I became a Dorothy Gilman fan as a reader of her standalone stories. From her `young adult' fantasy to "An Uncertain Voyage" being written about today; I'm sampling all but the "Mrs. Pollifax" volumes from which she derived fame! If her series is superior to the less-known work I treasure so much, I'm in for a treat indeed. This story about a divorcée forcing herself on a European trip, garnered less than five stars because it is heavily introspective but superbly written nonetheless.
`Melissa' married at sixteen and overlooked self-discovery but dug herself out of a complacent life. We meet her after she has finished with a psychiatrist and is trying out her sea legs... and voice. Her apprehension about proving she can be assertive, independent, and find real joy is interspersed with a political chase. This saves the novel from the mundane philosophical approach of Anne Enright's "The Gathering" and the too-long soliloquies of Beth Powning's "The Hatbox Letters". There is mystery and danger to ponder all along, injected early but mounting slowly and culminating in extreme circumstances. The author didn't make it easy on the heroine and I admire such hard-hitting in 1967.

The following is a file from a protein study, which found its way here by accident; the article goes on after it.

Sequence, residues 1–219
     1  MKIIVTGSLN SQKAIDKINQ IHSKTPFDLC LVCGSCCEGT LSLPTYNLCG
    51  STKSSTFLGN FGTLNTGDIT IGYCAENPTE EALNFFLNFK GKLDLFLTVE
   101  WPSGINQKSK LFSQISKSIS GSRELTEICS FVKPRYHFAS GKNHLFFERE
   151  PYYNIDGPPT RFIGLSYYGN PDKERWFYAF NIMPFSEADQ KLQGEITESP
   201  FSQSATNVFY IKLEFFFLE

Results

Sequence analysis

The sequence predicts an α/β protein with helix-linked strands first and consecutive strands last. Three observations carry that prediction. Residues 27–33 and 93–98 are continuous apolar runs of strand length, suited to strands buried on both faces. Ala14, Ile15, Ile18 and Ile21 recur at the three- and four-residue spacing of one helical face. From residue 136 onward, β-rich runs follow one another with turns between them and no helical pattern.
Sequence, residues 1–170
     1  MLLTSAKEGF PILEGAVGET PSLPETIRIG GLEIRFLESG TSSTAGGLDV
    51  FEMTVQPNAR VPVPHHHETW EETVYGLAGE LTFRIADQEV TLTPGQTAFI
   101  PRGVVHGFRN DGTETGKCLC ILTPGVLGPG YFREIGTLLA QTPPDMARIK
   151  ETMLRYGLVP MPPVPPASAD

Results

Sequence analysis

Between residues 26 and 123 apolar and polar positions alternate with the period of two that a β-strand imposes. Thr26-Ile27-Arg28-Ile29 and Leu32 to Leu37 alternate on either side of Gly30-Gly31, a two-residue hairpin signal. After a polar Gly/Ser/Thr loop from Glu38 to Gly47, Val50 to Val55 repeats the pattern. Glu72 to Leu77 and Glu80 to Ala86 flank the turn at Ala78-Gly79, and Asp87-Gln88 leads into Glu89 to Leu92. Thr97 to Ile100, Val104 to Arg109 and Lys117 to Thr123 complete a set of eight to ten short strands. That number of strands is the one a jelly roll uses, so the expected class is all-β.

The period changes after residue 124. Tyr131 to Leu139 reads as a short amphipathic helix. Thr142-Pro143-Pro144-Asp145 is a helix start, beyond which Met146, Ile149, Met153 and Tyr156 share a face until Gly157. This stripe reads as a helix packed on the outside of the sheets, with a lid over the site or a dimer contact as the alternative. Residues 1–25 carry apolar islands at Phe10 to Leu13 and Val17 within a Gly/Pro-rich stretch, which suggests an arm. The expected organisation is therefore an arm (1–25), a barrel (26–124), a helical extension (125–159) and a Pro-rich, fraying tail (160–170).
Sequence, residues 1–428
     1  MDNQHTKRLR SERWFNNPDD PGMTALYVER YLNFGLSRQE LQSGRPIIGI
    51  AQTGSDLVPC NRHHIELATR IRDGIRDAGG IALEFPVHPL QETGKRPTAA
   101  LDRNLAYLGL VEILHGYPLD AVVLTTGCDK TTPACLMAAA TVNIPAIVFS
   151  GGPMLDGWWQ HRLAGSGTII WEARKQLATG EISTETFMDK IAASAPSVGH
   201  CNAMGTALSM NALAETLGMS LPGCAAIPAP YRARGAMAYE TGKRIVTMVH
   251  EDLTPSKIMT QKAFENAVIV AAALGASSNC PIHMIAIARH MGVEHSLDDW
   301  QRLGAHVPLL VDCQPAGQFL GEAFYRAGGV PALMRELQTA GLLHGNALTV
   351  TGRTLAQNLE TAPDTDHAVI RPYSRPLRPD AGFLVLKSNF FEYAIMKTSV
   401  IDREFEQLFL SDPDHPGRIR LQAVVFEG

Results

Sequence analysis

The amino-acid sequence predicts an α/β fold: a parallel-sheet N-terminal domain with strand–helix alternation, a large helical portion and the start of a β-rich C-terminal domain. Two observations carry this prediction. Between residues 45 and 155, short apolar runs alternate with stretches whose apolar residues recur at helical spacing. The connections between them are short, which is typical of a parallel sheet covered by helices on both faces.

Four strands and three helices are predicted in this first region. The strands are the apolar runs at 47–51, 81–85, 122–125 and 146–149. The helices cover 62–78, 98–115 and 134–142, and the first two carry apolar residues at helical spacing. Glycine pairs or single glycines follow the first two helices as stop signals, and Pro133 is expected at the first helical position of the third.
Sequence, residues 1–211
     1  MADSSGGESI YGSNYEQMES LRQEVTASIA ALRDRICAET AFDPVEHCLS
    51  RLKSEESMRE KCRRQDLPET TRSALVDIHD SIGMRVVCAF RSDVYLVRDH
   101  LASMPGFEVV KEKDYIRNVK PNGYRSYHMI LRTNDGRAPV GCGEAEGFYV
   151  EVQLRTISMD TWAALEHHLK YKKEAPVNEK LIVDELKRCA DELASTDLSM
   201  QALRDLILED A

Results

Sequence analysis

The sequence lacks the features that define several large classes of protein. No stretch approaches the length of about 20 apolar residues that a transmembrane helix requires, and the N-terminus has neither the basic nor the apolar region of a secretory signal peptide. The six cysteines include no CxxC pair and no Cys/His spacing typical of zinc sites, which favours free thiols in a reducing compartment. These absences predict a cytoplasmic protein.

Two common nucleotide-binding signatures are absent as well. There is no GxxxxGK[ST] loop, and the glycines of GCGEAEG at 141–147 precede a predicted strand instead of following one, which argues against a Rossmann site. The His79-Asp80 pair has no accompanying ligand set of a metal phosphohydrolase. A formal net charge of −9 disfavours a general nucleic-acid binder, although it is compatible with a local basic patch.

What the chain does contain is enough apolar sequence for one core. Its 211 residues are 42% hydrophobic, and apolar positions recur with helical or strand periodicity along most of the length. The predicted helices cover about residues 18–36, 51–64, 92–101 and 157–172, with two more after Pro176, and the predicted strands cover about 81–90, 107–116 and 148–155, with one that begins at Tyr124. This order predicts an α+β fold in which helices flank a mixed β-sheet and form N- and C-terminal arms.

I would like to see inside the export company but the outcomes of both threads are clear; even if not played out in full view to satisfy readers. Regular contemplation is the only weight on this adventure, otherwise buoyantly traversing three countries. If an underage marriage causes undeveloped perception of life then Melissa mulling commonplace victories is plausible; like feeling triumphant that she possesses and exercises opinions. Scenes are in constant motion, you want the heroine to succeed, and she acts intelligently when convinced the ordeal is real. Most remarkable is Dorothy kept dreaming up plots and characters that resemble no work she created before.